Michigan Court of Appeals; Docket No. 79575; Published
Judges Allen, Gribbs and Gillespie; Unanimous
Official Michigan Reporter Citation: 142 Mich App 499; Link to Opinion
Allowable Expenses for Attendant Care [§3107(1)(a)]
Allowable Expenses for Home Accommodations [§3107(1)(a)]
Allowable Expenses For Room and Board [§3107(1)(a)]
Standards for Deducfibility of State and Federal Governmental Benefits [§3109(1)]
Social Security Disability Benefits [§3109(1)]
12% Interest Penalty on Overdue Benefits – Nature and Scope [§3142(2), (3)]
One-Year Back Rule Limitation [§3145(1)]
This unanimous Opinion by Judge Allen contains several significant holdings regarding the obligation of a no-fault carrier to pay "allowable expenses" under §3107(a) in the case of a severely brain damaged young man.
First, the court held that the no-fault insurer in this case was obligated to pay the entire cost of the rental of an apartment where plaintiff’s disabled son lived for approximately two years until a special handicapper-accessible addition was completed at plaintiff’s home. The alternative to living in this apartment would have been to reinstitutionalize plaintiff’s son in an extended care facility. It was undisputed that the environment of the apartment was more conducive to the rehabilitation of plaintiff s son. The cost of reinstitutionalizing plaintiff’s son would have been $2,800 per month. The maximum rental for the apartment was $445 per month. Prior to the accident, plaintiff’s son lived alone in another apartment and paid $245 a month rent In ruling that the insurance company was obligated to pay the entire monthly rental on the apartment, the court relied upon Manley v DAIIE (Item No. 662). In Manley, the court held that even though everyone must have food to survive, the extraordinary cost of obtaining food for an institutionalized patient renders the entire cost of food an allowable expense. The court applied that reasoning to this case and stated, "We think the same reasoning applies to the cost of the apartment As long as housing larger and better equipped is required for the injured person than would be required if he were not injured, the full cost is an 'allowable expense.'" The court also noted that a contrary ruling would in essence penalize the plaintiff foe saving the insurance company over $2,000 a month. The court also stated, "Such a decision could result in discouraging home care, which is usually less expensive and offers a higher quality of care than nursing home care in this instance."
Second, the court held that plaintiff was entitled to recover an amount of money that was more than the flat hourly rate that she paid to nurses that she hired for her son's in-home health care. Plaintiff paid RNs $9 an hour, $8 an hour for LPNs and $4 an hour for nurses' aides. The plaintiff charged the defendant $13 per hour for RNs, $11 per hour for LPNs and $7 per hour for nurses' aides. The Court of Appeals approved the additional charges assessed by plaintiff and stated, "Defendant argues that plaintiff is allowed to be reimbursed for more than she actually paid. Defendant's argument, if followed, would deny plaintiff compensation for the process of seeking, interviewing, selecting, training and supervising nurses. Neither would she be compensated for time spent computing hours that the nurses worked, billing the insurance company and paying the nurses. Neither would plaintiff be compensated for money spent on advertising, stationery, and other necessary expenses related to these above-mentioned activities. . . . Manley states that comparison to rates charged by institutions provides a valid method for determining whether the amount of an expense was reasonable and for placing a value on comparable services performed by family members. . . . Mrs. Sharp actually does advertise for nurses, interview them, train them, supervise them and when necessary, fire them. The method of charging more per hour than actually paid is a convenient shorthand method for compensating the plaintiff for these activities. This is the same method used by the nursing companies and the plaintiff is billing less than those nursing companies were. The trial court's declaratory judgment is affirmed."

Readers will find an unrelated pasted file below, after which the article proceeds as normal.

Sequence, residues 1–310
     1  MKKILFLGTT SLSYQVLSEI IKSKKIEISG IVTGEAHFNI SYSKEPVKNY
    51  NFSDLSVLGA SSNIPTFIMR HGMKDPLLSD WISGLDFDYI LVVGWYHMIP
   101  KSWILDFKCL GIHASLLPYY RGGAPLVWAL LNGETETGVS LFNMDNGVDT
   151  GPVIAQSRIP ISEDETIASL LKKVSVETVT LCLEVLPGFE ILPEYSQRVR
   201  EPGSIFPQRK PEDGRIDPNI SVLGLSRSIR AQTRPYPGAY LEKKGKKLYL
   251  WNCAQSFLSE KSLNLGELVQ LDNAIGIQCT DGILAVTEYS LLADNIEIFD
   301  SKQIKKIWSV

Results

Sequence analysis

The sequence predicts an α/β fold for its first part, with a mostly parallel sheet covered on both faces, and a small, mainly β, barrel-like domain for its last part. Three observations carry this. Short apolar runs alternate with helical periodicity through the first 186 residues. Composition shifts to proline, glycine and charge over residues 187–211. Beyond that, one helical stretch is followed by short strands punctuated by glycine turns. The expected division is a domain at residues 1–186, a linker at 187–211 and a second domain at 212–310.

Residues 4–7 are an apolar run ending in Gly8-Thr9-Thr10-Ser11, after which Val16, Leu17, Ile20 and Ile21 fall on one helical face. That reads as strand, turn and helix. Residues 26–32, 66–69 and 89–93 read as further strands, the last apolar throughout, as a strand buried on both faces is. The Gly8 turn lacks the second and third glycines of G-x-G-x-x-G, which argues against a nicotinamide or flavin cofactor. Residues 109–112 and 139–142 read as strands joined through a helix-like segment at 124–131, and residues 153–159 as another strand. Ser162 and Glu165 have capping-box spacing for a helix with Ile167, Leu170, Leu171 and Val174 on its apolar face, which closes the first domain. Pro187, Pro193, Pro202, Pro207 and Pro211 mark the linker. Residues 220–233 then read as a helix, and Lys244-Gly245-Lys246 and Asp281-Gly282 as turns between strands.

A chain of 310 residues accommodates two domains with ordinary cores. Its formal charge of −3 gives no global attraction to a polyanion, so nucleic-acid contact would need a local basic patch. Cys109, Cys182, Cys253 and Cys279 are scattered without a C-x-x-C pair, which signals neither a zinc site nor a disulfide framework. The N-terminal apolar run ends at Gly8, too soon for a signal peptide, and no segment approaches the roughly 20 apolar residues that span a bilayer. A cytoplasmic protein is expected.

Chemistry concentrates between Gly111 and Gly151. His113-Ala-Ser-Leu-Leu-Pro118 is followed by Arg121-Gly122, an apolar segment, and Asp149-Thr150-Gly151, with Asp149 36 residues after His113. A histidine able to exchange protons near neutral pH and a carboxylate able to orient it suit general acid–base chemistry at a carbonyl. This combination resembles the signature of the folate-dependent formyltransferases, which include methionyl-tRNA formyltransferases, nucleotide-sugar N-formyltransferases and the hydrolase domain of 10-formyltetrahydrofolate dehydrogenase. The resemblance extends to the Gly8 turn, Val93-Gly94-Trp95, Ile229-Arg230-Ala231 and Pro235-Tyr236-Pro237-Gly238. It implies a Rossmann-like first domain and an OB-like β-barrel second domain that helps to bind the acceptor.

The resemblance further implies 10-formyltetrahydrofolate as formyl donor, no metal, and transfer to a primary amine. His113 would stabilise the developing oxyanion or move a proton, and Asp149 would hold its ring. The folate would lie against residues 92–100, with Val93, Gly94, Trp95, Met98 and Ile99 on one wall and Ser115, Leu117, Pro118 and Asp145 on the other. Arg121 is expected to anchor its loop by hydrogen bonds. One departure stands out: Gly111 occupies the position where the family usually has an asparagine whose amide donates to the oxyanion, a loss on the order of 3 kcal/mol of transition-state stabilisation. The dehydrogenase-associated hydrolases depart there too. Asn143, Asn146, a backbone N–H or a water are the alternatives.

Third, the court held that the defendant insurance company was not entitled to reduce its liability for allowable expenses by the amount that plaintiff’s son received in Social Security disability benefits. The court relied upon Jarosz v DAIIE and held that the Social Security disability benefits do not serve the same purpose as no-fault allowable expenses. The court held that "clearly Social Security disability benefits are not 'products, services or accommodations.' Their purpose is income replacement rather than 'care, recovery or rehabilitation.' “ Therefore, the Social Security benefits were not deductible under §3109(1).
Fourth, the court held that the trial court properly .ruled as a matter of law that defendant waived the statute of limitations defense because it did not assert it in its responsive pleading. The defendant had ample notice that plaintiff would be submitting certain claims with respect to which the statute of limitations defense might be applicable.
Fifth, the court affirmed the trial court's refusal to award interest on most of plaintiff’s claims under §3142 for the reason that there was considerable dispute as to whether plaintiff had provided "reasonable proof of the fact and the amount of the loss." However, the court did award interest on that portion of the claim that dealt with the apartment rental and agreed with the long line of cases which held that the availability of interest under §3142 is not conditioned upon a showing of unreasonableness.